They say that chronol­ogy is the back­bone of his­tory. Fine. But we also need to accept that there are four or five fun­da­men­tal dates that every good per­son keeps lodged in their brain, which have played bad tricks on his­tory. They too are New Years’. The New Year’s of Roman his­tory, or of the Mid­dle Ages, or of the mod­ern age.

And they have become so inva­sive and fos­sil­is­ing that we some­times catch our­selves think­ing that life in Italy began in 752, and that 1490 or 1492 are like moun­tains that human­ity vaulted over, sud­denly find­ing itself in a new world, com­ing into a new life. So the date becomes an obsta­cle, a para­pet that stops us from see­ing that his­tory con­tin­ues to unfold along the same fun­da­men­tal unchang­ing line, with­out abrupt stops, like when at the cin­ema the film rips and there is an inter­val of daz­zling light.

That’s why I hate New Year’s. I want every morn­ing to be a new year’s for me. Every day I want to reckon with myself, and every day I want to renew myself. No day set aside for rest. I choose my pauses myself, when I feel drunk with the inten­sity of life and I want to plunge into ani­mal­ity to draw from it new vigour.

No spir­i­tual time-serving. I would like every hour of my life to be new, though con­nected to the ones that have passed. No day of cel­e­bra­tion with its manda­tory col­lec­tive rhythms, to share with all the strangers I don’t care about. Because our grand­fa­thers’ grand­fa­thers, and so on, cel­e­brated, we too should feel the urge to cel­e­brate. That is nauseating.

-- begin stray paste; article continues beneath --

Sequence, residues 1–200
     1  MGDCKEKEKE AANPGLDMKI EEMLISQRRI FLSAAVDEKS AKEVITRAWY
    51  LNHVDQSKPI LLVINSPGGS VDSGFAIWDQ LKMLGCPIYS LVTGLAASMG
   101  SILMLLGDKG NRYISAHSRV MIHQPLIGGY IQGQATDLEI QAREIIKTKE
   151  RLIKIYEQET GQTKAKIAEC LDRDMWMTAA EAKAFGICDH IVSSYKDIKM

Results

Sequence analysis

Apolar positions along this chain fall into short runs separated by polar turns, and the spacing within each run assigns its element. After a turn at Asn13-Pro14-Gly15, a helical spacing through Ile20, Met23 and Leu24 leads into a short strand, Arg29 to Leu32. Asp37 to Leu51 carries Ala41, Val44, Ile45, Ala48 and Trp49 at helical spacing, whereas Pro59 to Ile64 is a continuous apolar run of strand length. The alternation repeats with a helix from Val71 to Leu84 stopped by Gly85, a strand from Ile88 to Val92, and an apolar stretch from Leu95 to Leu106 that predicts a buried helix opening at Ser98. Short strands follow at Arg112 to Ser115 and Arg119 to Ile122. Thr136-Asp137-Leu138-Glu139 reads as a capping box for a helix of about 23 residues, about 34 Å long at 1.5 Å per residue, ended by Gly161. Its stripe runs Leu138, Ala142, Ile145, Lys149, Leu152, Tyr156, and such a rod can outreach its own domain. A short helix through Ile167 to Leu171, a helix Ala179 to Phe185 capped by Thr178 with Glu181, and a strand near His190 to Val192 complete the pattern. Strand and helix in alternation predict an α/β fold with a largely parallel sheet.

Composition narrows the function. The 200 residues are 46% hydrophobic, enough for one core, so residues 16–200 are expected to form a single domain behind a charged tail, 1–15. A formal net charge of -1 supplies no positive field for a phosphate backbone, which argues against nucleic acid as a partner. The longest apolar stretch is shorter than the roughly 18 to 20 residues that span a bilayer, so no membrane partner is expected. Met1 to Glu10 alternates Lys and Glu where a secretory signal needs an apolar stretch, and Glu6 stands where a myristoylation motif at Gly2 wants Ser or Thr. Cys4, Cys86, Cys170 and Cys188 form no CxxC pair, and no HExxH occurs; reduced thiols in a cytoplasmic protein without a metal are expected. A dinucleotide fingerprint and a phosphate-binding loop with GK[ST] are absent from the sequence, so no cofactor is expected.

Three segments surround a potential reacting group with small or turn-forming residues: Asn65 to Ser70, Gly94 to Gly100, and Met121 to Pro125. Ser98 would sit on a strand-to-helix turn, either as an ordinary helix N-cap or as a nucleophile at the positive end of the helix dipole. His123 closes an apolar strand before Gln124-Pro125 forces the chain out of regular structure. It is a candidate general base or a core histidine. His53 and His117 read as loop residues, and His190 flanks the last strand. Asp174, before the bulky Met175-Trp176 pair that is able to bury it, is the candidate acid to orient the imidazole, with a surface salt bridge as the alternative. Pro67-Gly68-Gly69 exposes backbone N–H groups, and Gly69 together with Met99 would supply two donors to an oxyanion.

I await social­ism for this rea­son too. Because it will hurl into the trash all of these dates which have no res­o­nance in our spirit and, if it cre­ates oth­ers, they will at least be our own, and not the ones we have to accept with­out reser­va­tions from our silly ancestors.

– Trans­lated by Alberto Toscano

This text was first pub­lished in Avanti!, Turin edi­tion, from his col­umn “Sotto la Mole,” Jan­u­ary 1, 1916.

was an Italian Marxist revolutionary and a leader of the Italian Communist Party who was imprisoned by Benito Mussolini’s Fascist regime.


Curr’s defence team had argued the council had no power to enforce local laws on the land because, in 1999, the Queen granted a Deed of Grant of Land in Trust to Brisbane City Council on the condition it held the land “in trust for Aboriginal and for no other purpose whatsoever”.